Who was Anton van Leeuwenhoek?

   Anton van Leeuwenhoek (1632-1723) was a Dutch scientist who discovered bacteria, or "little beasties" as he called them. Interested in making microscopes and then studying everything he could find, Leeuwenhoek happened to observe a drop of rain water taken from a barrel beside his house. He discovered that it was filled with "wretched beasties moving about very nimbly." He wrote extensively and drew pictures of what he saw, and although he did not realize that the bacteria he was studying caused disease, his work soon enabled scientists to make that discovery.
   An uneducated man who never learned Latin, then the language of scholars, Leeuwenhoek lived his entire life in Delft, Holland. As a boy he was trained to clerk in a dry goods store, and part of his job was to examine cloth beneath a magnifying glass, but whenever possible he would examine other things beneath his glass. He later owned his own dry goods shop, but in his spare time he pursued his great interest in close examination of the things about him. He learned to grind lenses and build microscopes of his own. Some of the 247 instruments he built magnified the size of an object as much as 270 times.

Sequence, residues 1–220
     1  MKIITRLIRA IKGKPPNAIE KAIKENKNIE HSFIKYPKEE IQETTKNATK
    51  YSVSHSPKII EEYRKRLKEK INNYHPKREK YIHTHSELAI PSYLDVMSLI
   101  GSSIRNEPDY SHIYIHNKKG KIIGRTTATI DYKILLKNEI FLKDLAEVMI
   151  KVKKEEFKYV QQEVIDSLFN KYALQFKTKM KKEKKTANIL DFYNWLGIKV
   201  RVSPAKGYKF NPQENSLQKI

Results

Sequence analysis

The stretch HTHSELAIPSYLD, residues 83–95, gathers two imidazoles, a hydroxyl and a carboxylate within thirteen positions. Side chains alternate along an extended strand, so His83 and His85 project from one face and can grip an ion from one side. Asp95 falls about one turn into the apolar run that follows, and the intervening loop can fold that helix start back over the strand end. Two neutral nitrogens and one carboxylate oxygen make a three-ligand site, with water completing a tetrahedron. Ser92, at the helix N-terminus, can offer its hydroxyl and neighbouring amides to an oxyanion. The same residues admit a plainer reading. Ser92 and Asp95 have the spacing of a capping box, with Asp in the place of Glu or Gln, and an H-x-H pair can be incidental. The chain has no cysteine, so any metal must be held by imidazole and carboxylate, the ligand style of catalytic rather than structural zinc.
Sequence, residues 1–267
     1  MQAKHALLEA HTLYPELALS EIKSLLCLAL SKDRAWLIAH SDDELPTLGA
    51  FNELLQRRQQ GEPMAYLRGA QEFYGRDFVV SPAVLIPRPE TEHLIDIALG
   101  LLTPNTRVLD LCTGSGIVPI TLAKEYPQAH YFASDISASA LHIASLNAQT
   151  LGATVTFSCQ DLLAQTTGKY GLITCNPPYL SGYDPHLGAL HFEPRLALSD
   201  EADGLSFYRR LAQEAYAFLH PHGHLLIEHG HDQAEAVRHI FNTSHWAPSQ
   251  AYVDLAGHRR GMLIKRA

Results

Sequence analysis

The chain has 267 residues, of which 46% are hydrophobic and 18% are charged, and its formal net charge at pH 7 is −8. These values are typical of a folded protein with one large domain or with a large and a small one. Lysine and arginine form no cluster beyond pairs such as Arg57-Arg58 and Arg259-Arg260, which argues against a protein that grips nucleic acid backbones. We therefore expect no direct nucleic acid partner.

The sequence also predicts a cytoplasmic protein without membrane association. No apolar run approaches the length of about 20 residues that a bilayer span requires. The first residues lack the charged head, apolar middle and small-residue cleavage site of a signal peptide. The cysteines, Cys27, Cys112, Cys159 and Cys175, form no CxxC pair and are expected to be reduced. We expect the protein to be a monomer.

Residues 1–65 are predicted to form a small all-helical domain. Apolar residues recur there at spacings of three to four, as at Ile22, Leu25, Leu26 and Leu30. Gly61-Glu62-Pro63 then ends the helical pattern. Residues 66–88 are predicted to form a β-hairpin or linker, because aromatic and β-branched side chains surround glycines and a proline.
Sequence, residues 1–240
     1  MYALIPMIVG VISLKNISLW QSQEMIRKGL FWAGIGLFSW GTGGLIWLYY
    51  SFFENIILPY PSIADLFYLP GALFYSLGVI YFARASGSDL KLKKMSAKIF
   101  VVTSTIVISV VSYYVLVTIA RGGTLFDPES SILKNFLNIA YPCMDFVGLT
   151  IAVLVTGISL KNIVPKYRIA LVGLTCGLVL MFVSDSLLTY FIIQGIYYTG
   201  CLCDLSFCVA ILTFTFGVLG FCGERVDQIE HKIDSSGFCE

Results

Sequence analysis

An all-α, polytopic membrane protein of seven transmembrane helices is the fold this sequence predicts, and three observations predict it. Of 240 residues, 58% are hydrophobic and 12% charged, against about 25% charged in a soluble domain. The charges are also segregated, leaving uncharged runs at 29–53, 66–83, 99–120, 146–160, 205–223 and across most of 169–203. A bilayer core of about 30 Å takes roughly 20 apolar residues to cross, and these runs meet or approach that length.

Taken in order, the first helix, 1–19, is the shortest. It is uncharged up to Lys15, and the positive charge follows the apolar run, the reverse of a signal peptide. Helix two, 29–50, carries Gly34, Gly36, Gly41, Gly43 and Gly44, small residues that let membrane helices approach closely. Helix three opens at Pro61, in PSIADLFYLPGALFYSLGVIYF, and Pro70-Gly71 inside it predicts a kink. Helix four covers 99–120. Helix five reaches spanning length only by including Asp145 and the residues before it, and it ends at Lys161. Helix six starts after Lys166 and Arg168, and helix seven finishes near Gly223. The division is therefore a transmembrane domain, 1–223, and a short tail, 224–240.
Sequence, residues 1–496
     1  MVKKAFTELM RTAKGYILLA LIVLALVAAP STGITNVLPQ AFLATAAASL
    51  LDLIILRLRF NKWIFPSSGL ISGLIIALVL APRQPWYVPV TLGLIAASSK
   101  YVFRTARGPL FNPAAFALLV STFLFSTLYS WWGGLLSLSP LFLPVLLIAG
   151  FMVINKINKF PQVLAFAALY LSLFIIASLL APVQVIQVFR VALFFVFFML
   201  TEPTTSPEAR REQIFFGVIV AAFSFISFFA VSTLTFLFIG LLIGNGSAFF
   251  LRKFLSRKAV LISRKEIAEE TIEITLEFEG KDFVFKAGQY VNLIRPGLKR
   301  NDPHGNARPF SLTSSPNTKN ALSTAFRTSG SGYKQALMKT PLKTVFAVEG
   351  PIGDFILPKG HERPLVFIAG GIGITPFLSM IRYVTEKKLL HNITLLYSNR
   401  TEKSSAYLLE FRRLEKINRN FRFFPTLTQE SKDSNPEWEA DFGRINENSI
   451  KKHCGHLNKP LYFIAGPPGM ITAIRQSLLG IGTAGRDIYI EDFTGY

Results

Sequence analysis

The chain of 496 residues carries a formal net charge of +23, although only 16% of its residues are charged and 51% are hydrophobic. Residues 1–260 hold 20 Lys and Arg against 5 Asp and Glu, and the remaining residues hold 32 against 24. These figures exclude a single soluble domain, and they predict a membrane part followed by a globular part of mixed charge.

When Leeuwenhoek was about forty years old and a widower with a grown family, he decided to spend the remainder of his life doing what he wanted. He sold his shop and devoted all of his time to making observations through his microscopes and building better and more powerful microscopes. He studied bacteria, yeast cells, and blood corpuscles. He also drew pictures of muscle fibers and described how the blood circulated in the body.
   When he passed away at the age of ninety-two, Leeuwenhoek was famous, yet possibly his greatest contribution to science was that he had prepared the way for Louis Pasteur to open the whole new field of bacteriology.